Do not even whisper the words “baby” and “sleep” in a bookstore or around other moms. You’ll be inundated with so many tips, advice, and promises that your head will spin, and you’ll realize—like Ava Neyer did in her blog excerpted below, “I Read All the Baby Sleep Books”—that there’s absolutely no consensus.
Don’t let your baby sleep too long, except when they’ve been napping too much, then you should wake them. Never wake a sleeping baby. Any baby problem can be solved by putting them to bed earlier, even if they are waking up too early. If your baby wakes up too early, put them to bed later or cut out a nap. Don’t let them nap after 5 p.m. Sleep begets sleep, so try to get your child to sleep as much as possible. Put the baby to bed awake but drowsy. Don’t wake the baby if it fell asleep while nursing.
You’d think that children haven’t been sleeping for millions of years. You’d think that there’s some magic unicorn trick that makes a baby a “good sleeper.” Nah. It’s time to simplify baby sleep.
Have you ever bought an appliance or electronic device—such as a TV—that came with both a Quick Start Guide and also the more detailed instruction manual (in five languages)? You open the quick guide—and it gets you going quickly. You can go to the detailed manual afterward if you need, but 80 percent of the time you get what you need with the quick guide.
That’s the way baby sleep is. Jumping straight in with all the sleep philosophies and training practices and miracle-sleep-fairy-nap-tips is like jumping straight to the detailed manual in German—before you’ve even figured out how to plug in the TV. Put down the detailed manual. Let’s start with sleep’s equivalent of the Quick Start Guide, which is building your child’s sleep foundation.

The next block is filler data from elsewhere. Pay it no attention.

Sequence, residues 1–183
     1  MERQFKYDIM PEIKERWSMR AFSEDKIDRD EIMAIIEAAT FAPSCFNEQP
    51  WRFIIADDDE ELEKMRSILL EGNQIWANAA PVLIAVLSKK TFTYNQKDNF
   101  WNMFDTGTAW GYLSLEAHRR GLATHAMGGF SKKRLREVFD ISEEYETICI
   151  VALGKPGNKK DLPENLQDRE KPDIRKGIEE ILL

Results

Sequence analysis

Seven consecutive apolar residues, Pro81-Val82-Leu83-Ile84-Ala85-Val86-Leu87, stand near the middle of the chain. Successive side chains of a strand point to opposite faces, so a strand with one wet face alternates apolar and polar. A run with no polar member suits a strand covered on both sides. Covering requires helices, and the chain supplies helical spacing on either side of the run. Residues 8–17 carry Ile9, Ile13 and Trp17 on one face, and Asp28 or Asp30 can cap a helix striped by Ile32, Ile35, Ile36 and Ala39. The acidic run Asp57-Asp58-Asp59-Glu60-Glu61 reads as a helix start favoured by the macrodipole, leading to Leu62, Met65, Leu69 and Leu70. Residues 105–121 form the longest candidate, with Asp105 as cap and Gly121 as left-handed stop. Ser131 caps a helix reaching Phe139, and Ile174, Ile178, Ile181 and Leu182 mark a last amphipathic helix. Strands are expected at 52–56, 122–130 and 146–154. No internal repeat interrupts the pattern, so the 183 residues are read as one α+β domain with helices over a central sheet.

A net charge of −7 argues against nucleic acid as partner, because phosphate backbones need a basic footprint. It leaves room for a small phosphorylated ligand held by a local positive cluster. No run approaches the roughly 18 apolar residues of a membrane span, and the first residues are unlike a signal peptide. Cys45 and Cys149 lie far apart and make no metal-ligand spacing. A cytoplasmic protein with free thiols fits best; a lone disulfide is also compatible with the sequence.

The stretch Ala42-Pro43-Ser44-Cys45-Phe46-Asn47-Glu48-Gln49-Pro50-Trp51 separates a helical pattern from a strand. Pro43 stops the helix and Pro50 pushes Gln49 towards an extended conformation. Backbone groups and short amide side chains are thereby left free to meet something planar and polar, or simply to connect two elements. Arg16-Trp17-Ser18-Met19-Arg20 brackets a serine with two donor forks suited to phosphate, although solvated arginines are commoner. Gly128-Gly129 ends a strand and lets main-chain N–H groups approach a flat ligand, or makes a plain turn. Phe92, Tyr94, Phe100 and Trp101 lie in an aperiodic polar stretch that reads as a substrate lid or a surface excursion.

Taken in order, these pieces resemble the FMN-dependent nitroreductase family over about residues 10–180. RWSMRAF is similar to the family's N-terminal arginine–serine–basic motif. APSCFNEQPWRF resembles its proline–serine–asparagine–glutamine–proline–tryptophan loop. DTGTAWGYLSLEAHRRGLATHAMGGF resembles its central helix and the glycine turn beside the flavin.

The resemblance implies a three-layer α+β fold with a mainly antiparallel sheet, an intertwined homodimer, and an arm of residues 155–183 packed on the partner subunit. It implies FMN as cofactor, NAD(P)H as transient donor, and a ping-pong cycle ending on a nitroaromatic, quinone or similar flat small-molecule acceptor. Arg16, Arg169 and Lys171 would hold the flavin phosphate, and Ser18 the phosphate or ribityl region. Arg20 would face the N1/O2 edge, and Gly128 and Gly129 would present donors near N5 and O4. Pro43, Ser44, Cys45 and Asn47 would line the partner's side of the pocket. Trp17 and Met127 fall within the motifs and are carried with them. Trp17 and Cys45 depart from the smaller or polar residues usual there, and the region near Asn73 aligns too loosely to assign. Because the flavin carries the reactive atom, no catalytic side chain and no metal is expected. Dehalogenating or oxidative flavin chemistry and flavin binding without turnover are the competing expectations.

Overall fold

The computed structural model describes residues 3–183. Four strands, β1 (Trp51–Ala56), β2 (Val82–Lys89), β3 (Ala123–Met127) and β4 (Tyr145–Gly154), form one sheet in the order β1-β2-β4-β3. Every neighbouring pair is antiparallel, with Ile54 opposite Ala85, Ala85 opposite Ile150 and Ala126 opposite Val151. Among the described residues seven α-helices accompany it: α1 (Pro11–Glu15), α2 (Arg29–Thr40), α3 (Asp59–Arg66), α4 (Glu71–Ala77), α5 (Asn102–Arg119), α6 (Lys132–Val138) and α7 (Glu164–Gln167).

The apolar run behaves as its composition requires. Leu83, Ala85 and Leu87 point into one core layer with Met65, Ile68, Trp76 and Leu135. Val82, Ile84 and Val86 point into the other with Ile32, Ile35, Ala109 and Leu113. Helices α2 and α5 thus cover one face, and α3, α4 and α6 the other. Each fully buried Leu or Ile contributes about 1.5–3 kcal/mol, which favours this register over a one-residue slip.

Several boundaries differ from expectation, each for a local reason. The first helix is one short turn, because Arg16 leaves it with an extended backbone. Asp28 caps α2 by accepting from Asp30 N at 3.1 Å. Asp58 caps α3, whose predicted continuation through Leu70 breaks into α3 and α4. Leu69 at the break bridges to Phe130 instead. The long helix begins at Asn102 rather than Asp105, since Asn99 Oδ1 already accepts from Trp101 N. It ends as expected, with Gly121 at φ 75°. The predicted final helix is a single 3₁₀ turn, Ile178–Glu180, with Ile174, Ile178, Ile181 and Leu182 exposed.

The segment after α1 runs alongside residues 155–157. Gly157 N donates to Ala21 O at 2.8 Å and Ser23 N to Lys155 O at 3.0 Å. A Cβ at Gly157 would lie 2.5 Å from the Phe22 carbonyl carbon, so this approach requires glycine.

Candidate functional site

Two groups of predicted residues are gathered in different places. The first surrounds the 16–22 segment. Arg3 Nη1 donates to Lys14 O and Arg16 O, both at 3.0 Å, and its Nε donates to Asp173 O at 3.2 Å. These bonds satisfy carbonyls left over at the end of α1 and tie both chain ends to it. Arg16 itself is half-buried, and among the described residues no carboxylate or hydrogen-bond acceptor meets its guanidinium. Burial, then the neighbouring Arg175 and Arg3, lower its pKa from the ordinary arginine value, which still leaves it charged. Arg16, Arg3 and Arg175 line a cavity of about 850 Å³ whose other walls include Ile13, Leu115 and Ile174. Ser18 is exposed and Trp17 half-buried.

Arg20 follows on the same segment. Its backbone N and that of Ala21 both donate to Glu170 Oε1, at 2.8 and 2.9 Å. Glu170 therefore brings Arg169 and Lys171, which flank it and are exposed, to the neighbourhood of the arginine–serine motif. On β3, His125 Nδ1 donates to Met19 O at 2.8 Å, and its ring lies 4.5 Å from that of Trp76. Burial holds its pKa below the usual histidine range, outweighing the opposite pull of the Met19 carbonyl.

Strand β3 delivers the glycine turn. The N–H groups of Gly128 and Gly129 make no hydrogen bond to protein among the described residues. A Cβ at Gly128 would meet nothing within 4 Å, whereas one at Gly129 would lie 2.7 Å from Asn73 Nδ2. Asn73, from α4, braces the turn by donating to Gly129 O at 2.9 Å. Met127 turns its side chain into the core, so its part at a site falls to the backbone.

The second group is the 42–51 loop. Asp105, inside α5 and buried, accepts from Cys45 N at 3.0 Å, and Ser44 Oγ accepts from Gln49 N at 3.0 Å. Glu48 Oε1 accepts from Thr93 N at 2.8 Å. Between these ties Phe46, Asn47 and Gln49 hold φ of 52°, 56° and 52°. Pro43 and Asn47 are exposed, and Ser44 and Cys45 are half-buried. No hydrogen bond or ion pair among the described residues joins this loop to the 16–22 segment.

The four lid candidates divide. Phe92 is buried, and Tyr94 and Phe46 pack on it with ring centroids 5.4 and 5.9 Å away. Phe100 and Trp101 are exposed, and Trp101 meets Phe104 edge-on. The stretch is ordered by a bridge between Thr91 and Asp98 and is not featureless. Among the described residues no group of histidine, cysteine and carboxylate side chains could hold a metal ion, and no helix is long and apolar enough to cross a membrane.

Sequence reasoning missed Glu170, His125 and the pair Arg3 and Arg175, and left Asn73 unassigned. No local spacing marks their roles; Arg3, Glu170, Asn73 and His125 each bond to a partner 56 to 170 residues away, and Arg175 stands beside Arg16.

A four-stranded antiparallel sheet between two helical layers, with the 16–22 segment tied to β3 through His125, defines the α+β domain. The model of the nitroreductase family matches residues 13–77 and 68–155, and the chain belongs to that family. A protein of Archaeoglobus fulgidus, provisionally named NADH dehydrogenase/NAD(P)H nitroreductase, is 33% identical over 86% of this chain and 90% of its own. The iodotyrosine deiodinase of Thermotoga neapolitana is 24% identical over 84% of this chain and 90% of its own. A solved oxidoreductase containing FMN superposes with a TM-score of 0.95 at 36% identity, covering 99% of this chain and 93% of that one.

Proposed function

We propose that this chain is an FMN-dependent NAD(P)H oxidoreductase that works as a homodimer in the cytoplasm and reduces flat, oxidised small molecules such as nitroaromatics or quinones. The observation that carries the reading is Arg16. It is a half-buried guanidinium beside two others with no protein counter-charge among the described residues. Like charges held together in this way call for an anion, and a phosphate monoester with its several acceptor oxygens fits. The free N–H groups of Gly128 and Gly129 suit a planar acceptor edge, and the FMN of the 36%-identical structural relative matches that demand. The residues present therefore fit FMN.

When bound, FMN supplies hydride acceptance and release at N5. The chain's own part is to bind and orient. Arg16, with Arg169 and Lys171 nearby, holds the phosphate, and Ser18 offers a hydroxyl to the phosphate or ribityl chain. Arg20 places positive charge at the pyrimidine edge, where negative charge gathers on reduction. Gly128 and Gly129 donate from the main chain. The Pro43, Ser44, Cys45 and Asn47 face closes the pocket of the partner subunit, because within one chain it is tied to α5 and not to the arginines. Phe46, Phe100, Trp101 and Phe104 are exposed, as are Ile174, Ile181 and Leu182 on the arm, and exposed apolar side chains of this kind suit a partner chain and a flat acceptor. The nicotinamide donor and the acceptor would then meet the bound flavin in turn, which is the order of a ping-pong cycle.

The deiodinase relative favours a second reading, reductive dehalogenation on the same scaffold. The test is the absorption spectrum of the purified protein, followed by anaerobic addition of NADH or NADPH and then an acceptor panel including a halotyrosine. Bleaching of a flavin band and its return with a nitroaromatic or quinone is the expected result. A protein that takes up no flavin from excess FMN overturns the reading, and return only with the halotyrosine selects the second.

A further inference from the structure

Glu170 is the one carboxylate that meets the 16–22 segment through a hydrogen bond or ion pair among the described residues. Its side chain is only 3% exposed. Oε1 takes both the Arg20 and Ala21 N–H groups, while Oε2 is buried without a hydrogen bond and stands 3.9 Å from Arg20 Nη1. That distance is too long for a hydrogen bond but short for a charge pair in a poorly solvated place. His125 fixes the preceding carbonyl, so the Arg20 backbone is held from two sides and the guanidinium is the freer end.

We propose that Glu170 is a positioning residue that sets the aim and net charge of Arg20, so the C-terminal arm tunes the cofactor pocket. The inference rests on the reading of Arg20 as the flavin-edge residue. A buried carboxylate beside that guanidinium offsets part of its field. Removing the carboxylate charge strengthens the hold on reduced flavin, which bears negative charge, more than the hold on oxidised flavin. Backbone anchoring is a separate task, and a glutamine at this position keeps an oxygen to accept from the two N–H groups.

Once you’ve instituted a sleep foundation, many children will sleep well and not need any more guidance. For those who do, it’s still much easier to troubleshoot or sleep train, once the sleep foundation is in place.
As LA-based certified child and family sleep consultant—and author of the upcoming 4 Pillars of Sleep Hygiene—Jenni June told me, “Without a sleep foundation, none of the sleep-training methods will work. And even if it does, it will come undone when real-life circumstances come your way—such as travel and illness.” Because the easiest way to minimize bedtime tears has nothing to do with “cry-it-out” or “no-cry” philosophies but everything to do with building a sleep foundation from day 1.